“One of the gross areas is level; to get their records noticed, people want them to be louder than the next guy's, and to get level, there's a lot of processing that goes on. The by-product of that is a form of distortion. It usually isn't blatant [distortion], but it doesn't sound natural and it sounds less musical; it sounds almost mechanical.”
Bernie Grundman, Berne Grundman Mastering [4].
 To achieve the high average volume that is used on modern popular music recordings, twoprocesses are mainly used;
dynamic compression
[5].A compressor is a unit that amplifies the low-level signals and reduces the loud ones. Thisbrings low and high level parts closer together and thus reduces the dynamic range of thesource material allowing it to be boosted in level. To avoid harmonic distortion a compressoris usually realized as a time-variant linear amplifier, i.e. an amplifier whose gain variesslowly, dependent on the power of the input signal averaged over time. This is called dynamiccompression. A dynamic compressor is characterized by its power gain curve and its dynamicbehaviour, the
time. Dynamic compression is something that has been donesince the earliest days of music recording and is considered absolutely necessary. Apercussion set or an 8x12” guitar rig recorded with near-field microphones has much too highdynamic range to be reproduced by any home audio system. This is equipment designed to fillbig halls with very loud sound, few listeners would use such levels when sitting in front of their hi-fi. But with the digital processing available today, there is almost no limit to howaggressive a dynamic compressor might be. In many modern recordings, the SPL is constantlybetween -6dB and 0dB referenced to the full scale range. When an average hi-fi system iscapable of perhaps 60-80dB dynamic range, it is obvious that its potential for reproducingpianissimos and fortissimos is not in any way utilized. As mentioned it’s tailor-made forradios and TVs.When recording, there are bound to be transients that overshoot the input range. A limiter isused to ensure the input is not overloaded. A digital system is self-limiting since it will justsaturate when the input is overloaded. However, the engineer can use soft limiters which willproduce less distortion than pure clipping, called soft limiters. They can also amplify weak signals and act as a static compressor. Limiters are usually characterized as having “hardknee” or “soft knee” responses. Static compression/limiting and dynamic compression isusually combined in one unit.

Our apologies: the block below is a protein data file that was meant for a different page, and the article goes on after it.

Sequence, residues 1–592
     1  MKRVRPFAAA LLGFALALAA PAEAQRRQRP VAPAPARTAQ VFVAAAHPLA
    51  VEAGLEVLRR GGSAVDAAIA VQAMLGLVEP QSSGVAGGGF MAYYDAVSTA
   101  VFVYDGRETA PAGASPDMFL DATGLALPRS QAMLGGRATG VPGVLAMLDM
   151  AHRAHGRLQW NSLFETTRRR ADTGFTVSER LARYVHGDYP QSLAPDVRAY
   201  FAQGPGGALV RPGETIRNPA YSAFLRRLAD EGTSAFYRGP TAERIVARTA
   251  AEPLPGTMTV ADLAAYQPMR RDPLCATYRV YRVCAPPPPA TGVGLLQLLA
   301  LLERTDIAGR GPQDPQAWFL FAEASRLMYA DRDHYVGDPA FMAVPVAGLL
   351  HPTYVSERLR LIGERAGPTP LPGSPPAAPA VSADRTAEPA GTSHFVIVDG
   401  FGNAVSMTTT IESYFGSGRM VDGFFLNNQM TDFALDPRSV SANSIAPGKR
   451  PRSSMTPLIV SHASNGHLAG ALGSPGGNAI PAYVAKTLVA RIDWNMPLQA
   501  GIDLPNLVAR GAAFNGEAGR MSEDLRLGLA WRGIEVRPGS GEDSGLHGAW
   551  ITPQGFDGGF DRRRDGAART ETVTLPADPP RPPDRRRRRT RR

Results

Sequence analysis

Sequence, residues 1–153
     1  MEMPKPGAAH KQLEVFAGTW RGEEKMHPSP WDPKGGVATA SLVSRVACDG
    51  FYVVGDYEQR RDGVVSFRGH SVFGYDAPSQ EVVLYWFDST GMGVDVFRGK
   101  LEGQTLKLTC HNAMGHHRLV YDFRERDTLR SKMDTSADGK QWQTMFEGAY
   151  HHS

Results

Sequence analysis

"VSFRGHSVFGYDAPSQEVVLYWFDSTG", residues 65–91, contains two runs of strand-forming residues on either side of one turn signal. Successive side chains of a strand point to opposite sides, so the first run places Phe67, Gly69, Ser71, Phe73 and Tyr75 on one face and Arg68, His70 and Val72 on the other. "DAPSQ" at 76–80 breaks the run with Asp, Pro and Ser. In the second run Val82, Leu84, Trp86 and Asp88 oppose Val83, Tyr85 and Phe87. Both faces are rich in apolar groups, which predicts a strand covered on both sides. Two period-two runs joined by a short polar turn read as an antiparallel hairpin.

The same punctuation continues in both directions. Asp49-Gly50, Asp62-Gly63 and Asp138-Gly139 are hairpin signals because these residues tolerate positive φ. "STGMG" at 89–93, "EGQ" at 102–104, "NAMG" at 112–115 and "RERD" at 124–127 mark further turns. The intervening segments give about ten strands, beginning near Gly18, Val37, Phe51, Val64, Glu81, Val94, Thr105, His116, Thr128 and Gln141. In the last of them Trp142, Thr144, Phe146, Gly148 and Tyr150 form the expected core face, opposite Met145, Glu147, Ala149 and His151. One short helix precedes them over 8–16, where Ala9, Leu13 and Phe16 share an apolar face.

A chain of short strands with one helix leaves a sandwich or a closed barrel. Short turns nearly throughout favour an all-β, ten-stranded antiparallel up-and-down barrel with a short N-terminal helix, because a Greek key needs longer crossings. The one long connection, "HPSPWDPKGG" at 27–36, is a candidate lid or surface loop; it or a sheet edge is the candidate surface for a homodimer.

Figure 1: Hard knee (left) and soft knee compressor/limiter 
So what does this do with the music? Obviously, it adds distortion products, since it issymmetrical odd harmonic ones. Although a soft-limiter has a somewhat gentler distortioncharacteristic than pure clipping, significant amounts of harmonics are produced. Figure 2shows a pure sinewave run through a limiter with -15dB threshold and 4:1 compression in thesound editor Audacity. As can be seen, the harmonic content is gross.
Figure 2: Signal run through -15dB 4:1 compressor/limiter, Audacity.
Distortion due to clipping is very much something that can be found in commercial releases aswell. Figure 3 shows a 10ms measurement of a clip from Jennifer Lopez’ CD “J-Lo”(Columbia Records SME- -5005507). We can easily see very much clipping present.
Figure 3: Example of clipping in commercial audio material, Jennifer Lopez ”J-Lo”
In addition to the above, and as mentioned earlier, dynamics is what constitutes the very nerveand soul in music. The nuances in the playing is what separates a great pianist from a